The thing is: we’re more than what we claim to be and more than we project publicly. We’re more than we can comprehend. The depth and diversity of the human experience is so vast, and there is no way we could possibly distill all that we are, all that we have been and all that we’d like to be into a perfectly considered and articulated personal brand communicated in a series of edited photos and 140 character updates. No one can do that. Not even Beyonce. (And she has a whole team dedicated to it. Plus she’s probably superhuman.) If we can use all the possible channels available to us (yes, including the internet) to explore ourselves and others to the fullest extent possible, then perhaps we’ll come close to understanding this.

 

Further reading:

Musings Salon - September 2014

The first Musings Salon held this week was a quite a wonderful thing really.

As I've explained, my idea for a Salon was mostly selfish - an opportunity to get some of my clever friends in a room to discuss topics I'm interested in.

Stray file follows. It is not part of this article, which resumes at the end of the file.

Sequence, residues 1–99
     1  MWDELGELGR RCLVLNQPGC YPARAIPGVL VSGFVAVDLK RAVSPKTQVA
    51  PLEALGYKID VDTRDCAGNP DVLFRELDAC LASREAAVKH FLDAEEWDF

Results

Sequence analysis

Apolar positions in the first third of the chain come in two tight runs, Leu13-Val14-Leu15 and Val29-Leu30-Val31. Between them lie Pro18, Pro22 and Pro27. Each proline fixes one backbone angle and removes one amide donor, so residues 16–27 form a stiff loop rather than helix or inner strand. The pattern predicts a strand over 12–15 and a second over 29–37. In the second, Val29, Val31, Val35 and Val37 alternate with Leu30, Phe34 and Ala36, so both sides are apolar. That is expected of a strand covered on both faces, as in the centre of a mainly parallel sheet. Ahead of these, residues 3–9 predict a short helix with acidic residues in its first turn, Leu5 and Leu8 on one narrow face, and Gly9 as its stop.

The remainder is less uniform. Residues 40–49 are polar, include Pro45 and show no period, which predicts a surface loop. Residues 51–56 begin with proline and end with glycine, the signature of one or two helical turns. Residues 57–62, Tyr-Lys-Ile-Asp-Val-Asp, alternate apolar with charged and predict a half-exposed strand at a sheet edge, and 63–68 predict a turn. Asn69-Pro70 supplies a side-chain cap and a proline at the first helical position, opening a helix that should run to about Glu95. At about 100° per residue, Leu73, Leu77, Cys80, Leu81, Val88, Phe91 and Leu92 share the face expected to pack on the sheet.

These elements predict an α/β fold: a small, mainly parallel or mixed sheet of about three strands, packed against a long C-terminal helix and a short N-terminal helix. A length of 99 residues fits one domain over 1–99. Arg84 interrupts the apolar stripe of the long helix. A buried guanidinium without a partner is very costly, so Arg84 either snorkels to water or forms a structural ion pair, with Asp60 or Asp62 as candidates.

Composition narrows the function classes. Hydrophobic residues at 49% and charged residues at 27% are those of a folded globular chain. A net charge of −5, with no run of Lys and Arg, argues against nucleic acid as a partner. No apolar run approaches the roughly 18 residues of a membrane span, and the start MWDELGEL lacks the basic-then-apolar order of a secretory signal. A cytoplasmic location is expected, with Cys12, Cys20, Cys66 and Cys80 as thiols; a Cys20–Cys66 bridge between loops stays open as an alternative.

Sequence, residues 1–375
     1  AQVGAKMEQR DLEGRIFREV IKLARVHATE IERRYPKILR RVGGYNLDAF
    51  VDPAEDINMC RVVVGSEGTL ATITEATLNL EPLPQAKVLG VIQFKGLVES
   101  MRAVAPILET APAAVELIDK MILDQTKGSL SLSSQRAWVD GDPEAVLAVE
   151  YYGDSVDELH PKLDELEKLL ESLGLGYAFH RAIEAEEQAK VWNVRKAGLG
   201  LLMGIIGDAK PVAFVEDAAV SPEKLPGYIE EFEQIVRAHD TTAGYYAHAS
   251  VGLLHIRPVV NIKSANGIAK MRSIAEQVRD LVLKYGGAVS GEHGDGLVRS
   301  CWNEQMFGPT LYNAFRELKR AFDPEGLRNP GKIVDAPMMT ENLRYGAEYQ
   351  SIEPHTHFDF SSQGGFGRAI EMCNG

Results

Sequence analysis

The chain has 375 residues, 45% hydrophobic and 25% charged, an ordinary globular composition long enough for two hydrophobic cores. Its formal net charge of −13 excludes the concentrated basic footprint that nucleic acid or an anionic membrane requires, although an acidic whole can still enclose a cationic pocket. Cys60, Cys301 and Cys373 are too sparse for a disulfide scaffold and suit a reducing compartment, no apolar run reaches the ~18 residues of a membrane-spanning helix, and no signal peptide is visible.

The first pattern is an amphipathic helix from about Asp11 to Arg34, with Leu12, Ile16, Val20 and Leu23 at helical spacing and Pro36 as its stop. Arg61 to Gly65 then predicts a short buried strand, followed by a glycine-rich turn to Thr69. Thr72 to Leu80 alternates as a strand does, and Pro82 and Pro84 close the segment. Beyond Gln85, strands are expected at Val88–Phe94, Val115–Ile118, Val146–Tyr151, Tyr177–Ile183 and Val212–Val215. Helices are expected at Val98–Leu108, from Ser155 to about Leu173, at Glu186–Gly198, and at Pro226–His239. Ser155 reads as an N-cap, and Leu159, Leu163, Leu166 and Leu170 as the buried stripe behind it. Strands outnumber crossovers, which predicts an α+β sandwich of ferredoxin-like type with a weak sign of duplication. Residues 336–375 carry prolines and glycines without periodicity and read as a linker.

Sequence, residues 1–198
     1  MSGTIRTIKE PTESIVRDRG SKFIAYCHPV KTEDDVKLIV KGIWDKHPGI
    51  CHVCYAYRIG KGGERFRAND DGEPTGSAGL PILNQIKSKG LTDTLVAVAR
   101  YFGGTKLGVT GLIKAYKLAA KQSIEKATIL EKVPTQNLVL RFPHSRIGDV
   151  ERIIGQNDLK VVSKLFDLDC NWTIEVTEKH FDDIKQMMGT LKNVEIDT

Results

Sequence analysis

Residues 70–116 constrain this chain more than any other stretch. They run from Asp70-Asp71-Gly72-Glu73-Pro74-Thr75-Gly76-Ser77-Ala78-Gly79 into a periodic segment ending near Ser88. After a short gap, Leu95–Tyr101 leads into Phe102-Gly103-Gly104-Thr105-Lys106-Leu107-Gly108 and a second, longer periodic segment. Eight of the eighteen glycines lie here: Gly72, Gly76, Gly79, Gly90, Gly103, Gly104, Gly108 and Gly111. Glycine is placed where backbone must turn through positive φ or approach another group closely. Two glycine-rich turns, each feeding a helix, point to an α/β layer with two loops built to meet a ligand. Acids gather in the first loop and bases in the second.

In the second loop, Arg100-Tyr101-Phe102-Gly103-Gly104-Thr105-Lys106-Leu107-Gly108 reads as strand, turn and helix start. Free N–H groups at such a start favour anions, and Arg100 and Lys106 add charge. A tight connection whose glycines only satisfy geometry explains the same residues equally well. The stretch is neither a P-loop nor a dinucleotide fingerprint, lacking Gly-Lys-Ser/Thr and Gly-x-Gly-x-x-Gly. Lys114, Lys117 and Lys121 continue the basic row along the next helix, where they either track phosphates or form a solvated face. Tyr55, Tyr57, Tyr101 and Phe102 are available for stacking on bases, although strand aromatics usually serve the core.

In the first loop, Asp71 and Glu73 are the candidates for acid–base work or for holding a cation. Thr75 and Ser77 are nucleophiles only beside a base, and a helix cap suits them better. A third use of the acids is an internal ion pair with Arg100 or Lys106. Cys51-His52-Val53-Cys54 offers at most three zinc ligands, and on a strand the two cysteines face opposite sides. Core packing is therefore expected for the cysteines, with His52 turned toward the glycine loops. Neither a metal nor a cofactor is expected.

And it was great. I loved it. And part way through, it got even better, because I was reminded that the other people in the room genuinely enjoyed it too. The collective experience of a passionate but respectful discussion about something interesting is a powerful thing. Discovering that others share your opinions, or that they are able to respect you and your perspectives even if their views are different is magical.

And better yet when the topic of discussion is Queen Bey. 

This month's provocation was my piece about our favourite feminist gateway drug, Mrs Carter Knowles: 

On Feminism and Femininity: Beyonce, feminism and the whole damn thing

Having already exorcised many of my opinions on the subject, I was intrigued to see the conversation move beyond Beyonce to Emma Watson's recent speech at a UN Women event, the public reaction, and specifically an article by Clementine Ford downplaying it's significance.

The consensus seemed to be that we - all of us - need to embrace imperfection, as Beyonce implores. We cannot let perfection be the enemy of good as we strive for equality and better understanding. Because every time a step in the right direction is admonished for not being big enough, or for not being the right approach, it alienates an audience and prevents someone from making any kind of attempt at progress.

I think it's useful to remind ourselves that feminism is about freedom. Freedom for women, and men. Freedom that allows us to be ourselves, and feel confident and comfortable in ourselves and in a community of others like, and unlike us. Lena says it best: